Pasta with spicy red pepper sauce and veggie chicken

Rice noodles from T&T ($1.77 for 1 pound package) + Safeway Select spicy red pepper pasta sauce ($2.80 for 700ml jar) + Eating Right veggie “chicken” from Safeway ($4.99 for two breasts) = one scrumptious meal. The veggie chicken is made from Gardein, which is the same ingredient that’s in Grassington’s veggie peppered steaks & chicken fillets, available back home.

I am well impressed with the variety of vegan food available here. I even noticed three vegan cookbooks for sale at Safeway. Clearly those interested in healthy vegan food are making their voices heard, and restaurants and supermarkets are listening!

9 Comments

  1. Jesus Murphy! Food is cheap in Edmonton. You could buy a mickey or a two-four with the loonies left over.
    ๐Ÿ™‚

  2. yay for veggie knowledge around the world!!!

    that’s some mighty fine eats you’ve got there babe! i love that fluffy white buns thingy.yuuuums!

    and i love durian too! i know it has such a strong smell and weird taste but i love it!!!hehehe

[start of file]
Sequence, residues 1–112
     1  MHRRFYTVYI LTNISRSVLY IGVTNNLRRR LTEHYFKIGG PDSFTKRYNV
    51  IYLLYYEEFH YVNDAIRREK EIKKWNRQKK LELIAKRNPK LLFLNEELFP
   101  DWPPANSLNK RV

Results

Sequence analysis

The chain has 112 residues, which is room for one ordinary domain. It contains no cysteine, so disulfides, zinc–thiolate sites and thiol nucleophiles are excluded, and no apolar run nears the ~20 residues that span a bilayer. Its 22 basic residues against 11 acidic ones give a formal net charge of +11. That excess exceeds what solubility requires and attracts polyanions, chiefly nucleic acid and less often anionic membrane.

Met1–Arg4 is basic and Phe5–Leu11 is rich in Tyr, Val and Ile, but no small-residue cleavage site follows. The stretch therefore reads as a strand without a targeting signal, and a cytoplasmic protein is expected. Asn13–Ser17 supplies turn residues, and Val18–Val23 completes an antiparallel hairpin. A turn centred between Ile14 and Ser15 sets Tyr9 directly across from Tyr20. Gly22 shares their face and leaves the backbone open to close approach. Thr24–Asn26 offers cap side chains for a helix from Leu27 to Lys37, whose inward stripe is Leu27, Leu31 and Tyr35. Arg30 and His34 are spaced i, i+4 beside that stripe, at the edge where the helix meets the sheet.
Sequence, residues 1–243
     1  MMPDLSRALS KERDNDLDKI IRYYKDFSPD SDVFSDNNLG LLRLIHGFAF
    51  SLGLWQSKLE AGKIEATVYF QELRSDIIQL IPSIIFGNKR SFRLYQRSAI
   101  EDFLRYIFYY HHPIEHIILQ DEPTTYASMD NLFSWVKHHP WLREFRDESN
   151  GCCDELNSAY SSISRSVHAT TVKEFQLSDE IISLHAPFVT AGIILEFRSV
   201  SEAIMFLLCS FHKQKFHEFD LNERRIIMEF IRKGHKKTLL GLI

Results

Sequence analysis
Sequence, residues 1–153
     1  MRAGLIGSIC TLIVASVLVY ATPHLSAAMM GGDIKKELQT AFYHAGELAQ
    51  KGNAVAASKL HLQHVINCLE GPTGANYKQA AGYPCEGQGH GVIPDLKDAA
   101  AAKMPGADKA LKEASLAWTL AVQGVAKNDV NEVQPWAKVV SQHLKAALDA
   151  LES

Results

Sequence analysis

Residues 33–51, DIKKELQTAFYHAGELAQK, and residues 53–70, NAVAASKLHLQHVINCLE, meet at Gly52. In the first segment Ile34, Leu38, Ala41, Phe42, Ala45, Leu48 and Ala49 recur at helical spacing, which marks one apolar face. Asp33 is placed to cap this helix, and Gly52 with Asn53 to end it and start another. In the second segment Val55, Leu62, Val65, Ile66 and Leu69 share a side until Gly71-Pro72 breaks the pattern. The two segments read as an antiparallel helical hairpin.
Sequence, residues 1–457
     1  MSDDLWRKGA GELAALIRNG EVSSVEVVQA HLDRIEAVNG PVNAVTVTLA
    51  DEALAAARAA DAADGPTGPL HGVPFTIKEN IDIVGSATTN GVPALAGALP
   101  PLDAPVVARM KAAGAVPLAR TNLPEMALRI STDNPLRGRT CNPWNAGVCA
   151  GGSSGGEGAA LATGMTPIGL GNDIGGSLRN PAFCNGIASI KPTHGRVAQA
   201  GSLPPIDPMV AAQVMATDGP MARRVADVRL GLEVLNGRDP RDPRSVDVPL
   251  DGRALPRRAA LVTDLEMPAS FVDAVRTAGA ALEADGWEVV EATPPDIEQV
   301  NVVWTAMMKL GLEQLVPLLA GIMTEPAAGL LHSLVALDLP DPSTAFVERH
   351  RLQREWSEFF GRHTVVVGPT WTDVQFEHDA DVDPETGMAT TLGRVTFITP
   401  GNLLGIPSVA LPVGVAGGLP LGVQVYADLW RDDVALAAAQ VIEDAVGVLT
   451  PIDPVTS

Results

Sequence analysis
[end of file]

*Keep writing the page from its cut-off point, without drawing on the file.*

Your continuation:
i am glad you’re posting…miss ya mucho!

    muahhhaaaa

  3. Wow! Great to know about all these options. Subway is my fast food standby..their wheat roll is not vegan but the italian one is. And the veggie burgers they sell are not vegan unfortunately..thank goodness for veggie d’lite! yay about all the other options!

  4. Jeni — you have either been to Canada or have spent a lot of time hanging around Canadians, eh?

    Denny — maybe one day I will be brave enough to try durian.

    Amanda — the Subway here doesn’t have the veggie burger option, but I remember the one in Vancouver did. Too bad it’s not vegan.

  5. Wow, you sure got creative in your searches for vacation food! I’ve just been traveling also and enjoyed seeing your take on things. Hummous and carrots sounds good, but then I like shredded carrots on ANYTHING. (Check out my friend Andrea’s blog for the macaroons I just ate this evening: cookeasyvegan.blogspot.com) Enjoy Canada! And keep taking those photos!

  6. Looks like you found some tasty eats during your journey. I was thinking about you today because I am trying your faux ham recipe! I had no smoked tofu so I used liquid smoke instead. It is steaming as I write this–fingers crossed it turns out as good as yours, although I know it won’t look as nice! Happy travels. ๐Ÿ™‚